The nature of the film allows this cookieness to be a means of her showing real affection and individuality.  And so on: the eccentricities of the characters that Paterson meets never allow them to become laughing stocks, never quite allowing them to become tropes. Jarmusch’s humanity and amusement at people’s quirks dominate.

It’s nice to see a film where the characters are possessed of a natural goodness, a decency that doesn’t demand ‘conflict’ to show who they are. However, there is a gun pulled at one point and, afterwards, the camera lingers on Paterson’s expression with the adrenalin still running, startled by his own reaction. No, here, it’s the everydayness that is revealing. We see Paterson developing his poetry over days, the text scrawled over the screen. Indeed, people seem to recognise each other as poets and artists, as when Paterson takes time to talk to a young girl writing  her own poetry – and through this encounter, we get an example of how one unrecognised artist can influence another. Life is full of such slight but worthwhile encounters, which Jarmusch has always presented as a thesis.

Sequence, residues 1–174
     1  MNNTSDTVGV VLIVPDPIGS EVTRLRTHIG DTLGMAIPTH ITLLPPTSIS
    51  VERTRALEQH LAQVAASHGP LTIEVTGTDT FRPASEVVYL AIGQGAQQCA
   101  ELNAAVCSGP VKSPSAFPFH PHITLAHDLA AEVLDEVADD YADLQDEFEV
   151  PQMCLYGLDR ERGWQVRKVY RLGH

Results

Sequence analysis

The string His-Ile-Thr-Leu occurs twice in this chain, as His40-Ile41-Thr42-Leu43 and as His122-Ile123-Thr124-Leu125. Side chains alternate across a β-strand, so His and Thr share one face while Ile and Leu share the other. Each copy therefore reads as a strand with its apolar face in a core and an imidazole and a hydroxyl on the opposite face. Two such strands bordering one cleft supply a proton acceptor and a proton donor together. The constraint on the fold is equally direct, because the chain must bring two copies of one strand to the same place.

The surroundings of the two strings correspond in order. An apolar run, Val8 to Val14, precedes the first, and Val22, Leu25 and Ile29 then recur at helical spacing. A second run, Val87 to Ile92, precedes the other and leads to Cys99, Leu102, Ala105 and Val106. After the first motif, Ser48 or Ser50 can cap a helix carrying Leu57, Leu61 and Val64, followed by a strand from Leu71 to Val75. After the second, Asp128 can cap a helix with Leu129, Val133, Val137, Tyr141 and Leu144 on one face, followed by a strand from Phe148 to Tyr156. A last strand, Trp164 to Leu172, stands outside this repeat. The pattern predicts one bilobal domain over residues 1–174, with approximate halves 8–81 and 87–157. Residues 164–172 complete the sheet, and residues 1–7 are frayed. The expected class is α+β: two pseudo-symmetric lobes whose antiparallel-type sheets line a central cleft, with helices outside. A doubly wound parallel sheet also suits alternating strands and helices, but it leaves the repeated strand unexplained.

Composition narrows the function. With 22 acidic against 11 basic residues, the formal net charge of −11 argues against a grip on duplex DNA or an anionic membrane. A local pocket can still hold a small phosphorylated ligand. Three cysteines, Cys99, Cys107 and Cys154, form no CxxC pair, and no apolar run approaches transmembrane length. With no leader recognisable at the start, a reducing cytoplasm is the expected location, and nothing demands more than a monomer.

Peter Bradshaw notes that Jarmusch turns Paterson into a fantasy version of a real place: for example the fact that Paterson and Laura have “never considered or even heard of public performance or poetry slams, or sending his work to magazines, or self-publishing digitally.” Indeed, but it is very evident that they are quite apart from much of modern convenience; Paterson balks at have a smart phone, for example. As Bradshaw further says: 

“Yet so much of the rest of the movie is not quite real, or perhaps it is rather that Jarmusch does not replicate reality in the way other film-makers do.” 

And this feels closer to the truth: this is not quite neo-realism, and yet it is only the last encounter that seems truly to verge on fantasy, maybe because it is too on the nose in the way that marred ‘The Only Lovers Left Alive’. It is exactly what Paterson needs when he’s at his lowest and has to remind himself what he’s all about, and with that in mind it could indeed b e the work of his imagination.

Like ‘Brooklyn’, ‘Paterson’ is about the general decency of people but it’s also about how art colours their lives; like ‘American Honey’, it utilises a loose, baggy style that is ultimately and quietly uplifting. With a welcome lack of cynicism, Jarmusch focuses on an individual’s routine of life to celebrate the quirkiness and natural poeticism that makes the everyday worth living.